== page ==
Considering their political cultures, neither PP nor TPLF will trust the other to create a level playing field, but an independent technical, trusted, and respected leader can lead Tigray as it navigates through the turbulent journey ahead of it. It is important that the individuals taking over as technocrats to lead the IRA are trusted by all stakeholders and know that they will not assume any power after the end of the IRA’s term.
The leader selected to lead the technocratic interim government must be not only a technical expert but also a figure who can garner consensus over government decisions, including cabinet appointments, and who also has good relationships with all stakeholders.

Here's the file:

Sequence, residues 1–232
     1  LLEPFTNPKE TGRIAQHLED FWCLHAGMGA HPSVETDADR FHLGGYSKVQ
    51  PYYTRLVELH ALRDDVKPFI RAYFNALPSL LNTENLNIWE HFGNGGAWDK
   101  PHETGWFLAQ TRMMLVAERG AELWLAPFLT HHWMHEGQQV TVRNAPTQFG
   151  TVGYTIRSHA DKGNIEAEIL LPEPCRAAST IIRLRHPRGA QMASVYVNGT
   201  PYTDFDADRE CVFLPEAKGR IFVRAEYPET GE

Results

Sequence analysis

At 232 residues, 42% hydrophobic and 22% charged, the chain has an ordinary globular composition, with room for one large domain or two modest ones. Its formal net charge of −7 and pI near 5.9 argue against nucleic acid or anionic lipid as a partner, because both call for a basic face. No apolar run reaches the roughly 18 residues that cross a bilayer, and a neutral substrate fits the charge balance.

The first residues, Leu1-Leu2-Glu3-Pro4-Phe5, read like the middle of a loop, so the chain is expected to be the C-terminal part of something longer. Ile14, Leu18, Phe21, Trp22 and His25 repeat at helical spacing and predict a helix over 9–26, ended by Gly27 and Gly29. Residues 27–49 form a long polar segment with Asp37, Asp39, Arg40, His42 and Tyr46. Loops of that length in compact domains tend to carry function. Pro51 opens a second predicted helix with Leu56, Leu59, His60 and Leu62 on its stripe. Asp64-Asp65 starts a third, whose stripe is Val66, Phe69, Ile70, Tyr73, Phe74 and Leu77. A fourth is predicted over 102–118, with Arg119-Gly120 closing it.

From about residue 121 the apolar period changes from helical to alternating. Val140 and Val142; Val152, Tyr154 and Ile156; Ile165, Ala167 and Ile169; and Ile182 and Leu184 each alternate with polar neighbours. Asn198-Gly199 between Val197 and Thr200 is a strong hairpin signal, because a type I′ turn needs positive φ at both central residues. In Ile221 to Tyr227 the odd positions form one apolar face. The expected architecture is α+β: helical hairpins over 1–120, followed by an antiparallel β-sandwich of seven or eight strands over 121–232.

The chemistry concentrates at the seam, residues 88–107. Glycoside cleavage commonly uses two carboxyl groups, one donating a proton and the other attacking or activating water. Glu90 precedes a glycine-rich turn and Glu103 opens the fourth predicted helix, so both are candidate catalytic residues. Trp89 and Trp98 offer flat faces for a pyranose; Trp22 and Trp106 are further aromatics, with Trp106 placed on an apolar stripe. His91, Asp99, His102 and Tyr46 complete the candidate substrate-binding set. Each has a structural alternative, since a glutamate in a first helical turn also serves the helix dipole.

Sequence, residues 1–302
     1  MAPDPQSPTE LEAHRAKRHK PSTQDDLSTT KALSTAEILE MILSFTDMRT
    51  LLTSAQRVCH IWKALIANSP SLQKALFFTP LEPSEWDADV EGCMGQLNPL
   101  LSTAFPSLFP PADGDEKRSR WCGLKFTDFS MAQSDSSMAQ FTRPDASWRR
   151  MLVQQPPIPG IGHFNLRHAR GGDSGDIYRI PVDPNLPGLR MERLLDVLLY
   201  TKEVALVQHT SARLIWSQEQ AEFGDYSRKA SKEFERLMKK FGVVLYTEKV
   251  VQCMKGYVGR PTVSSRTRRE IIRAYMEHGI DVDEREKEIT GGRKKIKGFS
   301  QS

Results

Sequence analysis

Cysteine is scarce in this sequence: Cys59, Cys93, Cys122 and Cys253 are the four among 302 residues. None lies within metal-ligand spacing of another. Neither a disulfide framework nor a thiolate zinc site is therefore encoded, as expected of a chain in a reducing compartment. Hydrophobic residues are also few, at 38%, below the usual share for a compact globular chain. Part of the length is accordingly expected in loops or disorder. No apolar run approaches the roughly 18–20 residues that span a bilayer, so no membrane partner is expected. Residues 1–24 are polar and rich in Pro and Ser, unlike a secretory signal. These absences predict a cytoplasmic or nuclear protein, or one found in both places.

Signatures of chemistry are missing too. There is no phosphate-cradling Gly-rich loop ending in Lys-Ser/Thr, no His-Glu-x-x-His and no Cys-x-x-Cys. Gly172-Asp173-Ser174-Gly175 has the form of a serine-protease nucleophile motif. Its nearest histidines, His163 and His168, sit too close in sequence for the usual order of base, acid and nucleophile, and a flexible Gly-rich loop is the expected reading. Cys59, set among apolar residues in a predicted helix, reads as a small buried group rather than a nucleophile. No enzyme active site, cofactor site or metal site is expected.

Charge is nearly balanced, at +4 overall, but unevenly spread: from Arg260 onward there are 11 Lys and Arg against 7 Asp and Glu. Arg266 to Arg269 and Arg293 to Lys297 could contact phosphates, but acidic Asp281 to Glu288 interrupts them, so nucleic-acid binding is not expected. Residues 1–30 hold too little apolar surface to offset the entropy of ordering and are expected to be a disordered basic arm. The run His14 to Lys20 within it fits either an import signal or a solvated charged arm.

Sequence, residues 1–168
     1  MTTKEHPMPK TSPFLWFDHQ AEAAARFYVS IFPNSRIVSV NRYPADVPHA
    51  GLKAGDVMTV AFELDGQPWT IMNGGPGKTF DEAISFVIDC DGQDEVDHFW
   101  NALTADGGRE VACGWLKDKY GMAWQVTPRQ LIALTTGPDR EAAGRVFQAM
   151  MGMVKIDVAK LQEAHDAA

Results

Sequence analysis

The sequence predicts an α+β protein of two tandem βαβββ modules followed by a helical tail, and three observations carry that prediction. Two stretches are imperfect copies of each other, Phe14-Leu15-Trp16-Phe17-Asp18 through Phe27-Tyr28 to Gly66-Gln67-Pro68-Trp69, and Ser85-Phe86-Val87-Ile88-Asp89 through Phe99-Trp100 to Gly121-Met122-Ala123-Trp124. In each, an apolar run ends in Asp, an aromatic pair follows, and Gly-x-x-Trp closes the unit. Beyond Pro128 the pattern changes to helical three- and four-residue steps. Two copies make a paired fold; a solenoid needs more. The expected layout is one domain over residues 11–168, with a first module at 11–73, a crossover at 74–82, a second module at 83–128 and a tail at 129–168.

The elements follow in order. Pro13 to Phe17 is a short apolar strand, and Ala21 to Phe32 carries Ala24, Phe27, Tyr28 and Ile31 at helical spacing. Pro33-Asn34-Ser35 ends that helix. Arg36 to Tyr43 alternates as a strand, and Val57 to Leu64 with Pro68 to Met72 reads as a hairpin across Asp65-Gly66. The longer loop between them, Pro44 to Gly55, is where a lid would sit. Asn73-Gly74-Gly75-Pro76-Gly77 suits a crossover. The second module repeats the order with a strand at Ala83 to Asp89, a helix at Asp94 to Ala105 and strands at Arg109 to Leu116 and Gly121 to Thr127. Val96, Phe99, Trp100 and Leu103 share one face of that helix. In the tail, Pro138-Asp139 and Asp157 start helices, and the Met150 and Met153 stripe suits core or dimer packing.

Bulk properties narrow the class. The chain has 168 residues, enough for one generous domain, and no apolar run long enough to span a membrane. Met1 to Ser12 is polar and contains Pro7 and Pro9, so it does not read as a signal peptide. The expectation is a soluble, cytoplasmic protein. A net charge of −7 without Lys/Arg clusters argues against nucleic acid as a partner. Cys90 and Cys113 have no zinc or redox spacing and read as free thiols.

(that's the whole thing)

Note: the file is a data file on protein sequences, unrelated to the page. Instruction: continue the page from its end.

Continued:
One individual who can be tasked with such a big role is Arkebe Oqubay (PhD), who worked with both parties and is known to be an effective executive. He was revered as the “best mayor of Africa” when he was administering the Addis Ababa city administration and also served as the vice chairman of the Tigray Regional Administration. He was also shortlisted as one of the candidates to lead the United Nations Industrial Development Organization (UNIDO) for his transformational leadership in developing industrial parks in Ethiopia.
Considering the execution capabilities and large figurehead needed to lead the IRA, there is no better technocrat than Arkebe. His one challenge is that he may be seen as a person who betrayed Tigray during the war because he stayed silent while most Tigrayans voiced their opposition to the war crimes committed against the people of Tigray.